Pace Photography: COVID-19 in pictures

On March 16 2020, almost a year ago, Cherokee High School closed its doors and began holding classes exclusively online through a digital learning format, which had previously been a practice in place for the seldom snow day. For the next four months, students were stuck in their homes as an infective plague spread over the world. This quickly led to a growing number of problems from the effects of isolation, difficult adjustment to a radical change in normal living, technology challenges, and amplified anxiety.

During this quarantine, many people lost their jobs, family, and other loved ones. These photos personally taken show the emotions of dealing with a pandemic.

“In The Eye of the Beholder” [Source: Alek Pace]
The news of mass death from COVID-19 reflects in the reader’s eye, revealing the severity of the situation
“Lockdown” [Source: Alek Pace]
Many people were stuck inside most of the pandemic, with the inside of the house being dull and weary and the outside being bright, showing the environment that people are missing will stuck inside.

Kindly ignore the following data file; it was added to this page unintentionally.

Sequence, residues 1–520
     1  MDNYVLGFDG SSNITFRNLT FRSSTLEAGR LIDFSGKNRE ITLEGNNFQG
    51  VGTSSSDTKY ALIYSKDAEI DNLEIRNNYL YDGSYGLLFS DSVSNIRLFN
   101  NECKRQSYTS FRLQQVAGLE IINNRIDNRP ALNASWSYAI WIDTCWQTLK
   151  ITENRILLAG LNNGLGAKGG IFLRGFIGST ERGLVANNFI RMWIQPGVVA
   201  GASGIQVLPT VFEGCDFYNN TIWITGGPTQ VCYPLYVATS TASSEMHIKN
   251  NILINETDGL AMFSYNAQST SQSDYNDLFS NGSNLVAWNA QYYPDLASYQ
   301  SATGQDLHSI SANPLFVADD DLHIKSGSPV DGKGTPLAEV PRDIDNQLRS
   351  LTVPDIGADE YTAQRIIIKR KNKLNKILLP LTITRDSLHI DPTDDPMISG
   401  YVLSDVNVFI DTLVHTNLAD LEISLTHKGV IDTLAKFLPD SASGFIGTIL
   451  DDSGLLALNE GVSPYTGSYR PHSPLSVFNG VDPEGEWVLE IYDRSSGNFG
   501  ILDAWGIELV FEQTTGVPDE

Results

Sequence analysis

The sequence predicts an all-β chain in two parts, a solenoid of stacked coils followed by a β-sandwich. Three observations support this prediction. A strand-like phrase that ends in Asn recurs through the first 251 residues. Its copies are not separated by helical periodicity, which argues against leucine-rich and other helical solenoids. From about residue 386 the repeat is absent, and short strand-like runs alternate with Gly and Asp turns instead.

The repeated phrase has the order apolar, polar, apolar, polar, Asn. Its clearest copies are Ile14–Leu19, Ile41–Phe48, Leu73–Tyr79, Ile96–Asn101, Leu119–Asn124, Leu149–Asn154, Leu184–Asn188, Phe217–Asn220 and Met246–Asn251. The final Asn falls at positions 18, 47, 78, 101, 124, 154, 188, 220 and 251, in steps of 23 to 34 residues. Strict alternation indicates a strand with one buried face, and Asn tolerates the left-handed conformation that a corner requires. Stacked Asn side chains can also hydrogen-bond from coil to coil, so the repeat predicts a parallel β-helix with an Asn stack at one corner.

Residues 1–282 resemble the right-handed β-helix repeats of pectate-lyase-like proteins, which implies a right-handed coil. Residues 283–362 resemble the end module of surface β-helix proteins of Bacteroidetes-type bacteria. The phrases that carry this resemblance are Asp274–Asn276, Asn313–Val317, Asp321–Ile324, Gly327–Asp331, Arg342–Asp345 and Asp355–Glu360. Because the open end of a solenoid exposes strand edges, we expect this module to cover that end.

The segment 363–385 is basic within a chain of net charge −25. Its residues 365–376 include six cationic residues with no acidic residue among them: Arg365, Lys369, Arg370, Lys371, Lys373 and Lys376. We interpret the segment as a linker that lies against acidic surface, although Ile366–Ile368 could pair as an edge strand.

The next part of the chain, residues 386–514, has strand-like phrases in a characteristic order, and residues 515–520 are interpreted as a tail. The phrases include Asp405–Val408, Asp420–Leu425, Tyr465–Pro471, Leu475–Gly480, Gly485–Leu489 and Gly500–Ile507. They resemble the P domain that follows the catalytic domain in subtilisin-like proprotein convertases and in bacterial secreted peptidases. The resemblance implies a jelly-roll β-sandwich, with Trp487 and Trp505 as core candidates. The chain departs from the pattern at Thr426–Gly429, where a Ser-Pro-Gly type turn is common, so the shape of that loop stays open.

“Ups and Downs” [Source: Alek Pace]
Mental health was at an all-time low during quarantine all across America. This shows the girl on one side looking okay, while the faded version of here on the right looks in despair.
“New Reality” [Source: Alek Pace]
The new normal when coming outside has been wearing a mask to protect yourself and others, so this image shows the new perspective during COVID-19
“Behind the Mask” [Source: Alek Pace]
Because of masks, new people have been hard to see. This shows the watcher guessing what the mask wearer looks like.
“Six Feet” [Source: Alek Pace]
The six feet guidelines has kept many families and friends from being together. The drawn hands show the people close, what they could’ve been without COVID-19
“Drowning” [Source: Alek Pace]
Surrounding the girl is all COVID-19 buzzwords, and it shows the hysteria behind what the media puts out and how it effects others

Overall, this pandemic has been a difficult experience for many people around the country and the world. What COVID-19 and this quarantine has taught us, now almost a year in retrospect, is to cherish the people around us and to check up on others and our own mental health.

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